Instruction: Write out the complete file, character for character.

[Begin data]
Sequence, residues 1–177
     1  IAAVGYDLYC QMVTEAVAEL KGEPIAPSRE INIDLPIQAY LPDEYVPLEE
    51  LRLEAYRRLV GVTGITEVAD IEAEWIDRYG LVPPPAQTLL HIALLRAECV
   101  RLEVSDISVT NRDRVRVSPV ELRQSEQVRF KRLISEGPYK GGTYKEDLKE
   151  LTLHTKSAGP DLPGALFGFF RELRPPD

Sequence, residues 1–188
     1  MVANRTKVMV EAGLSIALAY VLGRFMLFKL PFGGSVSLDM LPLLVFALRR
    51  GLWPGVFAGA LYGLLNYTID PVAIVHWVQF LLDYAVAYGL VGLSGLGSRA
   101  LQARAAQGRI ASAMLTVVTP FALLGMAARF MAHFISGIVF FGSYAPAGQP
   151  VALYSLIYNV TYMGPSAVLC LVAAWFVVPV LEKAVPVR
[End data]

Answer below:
Sequence, residues 1–177
     1  IAAVGYDLYC QMVTEAVAEL KGEPIAPSRE INIDLPIQAY LPDEYVPLEE
    51  LRLEAYRRLV GVTGITEVAD IEAEWIDRYG LVPPPAQTLL HIALLRAECV
   101  RLEVSDISVT NRDRVRVSPV ELRQSEQVRF KRLISEGPYK GGTYKEDLKE
   151  LTLHTKSAGP DLPGALFGFF RELRPPD

Sequence, residues 1–188
     1  MVANRTKVMV EAGLSIALAY VLGRFMLFKL PFGGSVSLDM LPLLVFALRR
    51  GLWPGVFAGA LYGLLNYTID PVAIVHWVQF LLDYAVAYGL VGLSGLGSRA
   101  LQARAAQGRI ASAMLTVVTP FALLGMAARF MAHFISGIVF FGSYAPAGQP
   151  VALYSLIYNV TYMGPSAVLC LVAAWFVVPV LEKAVPVR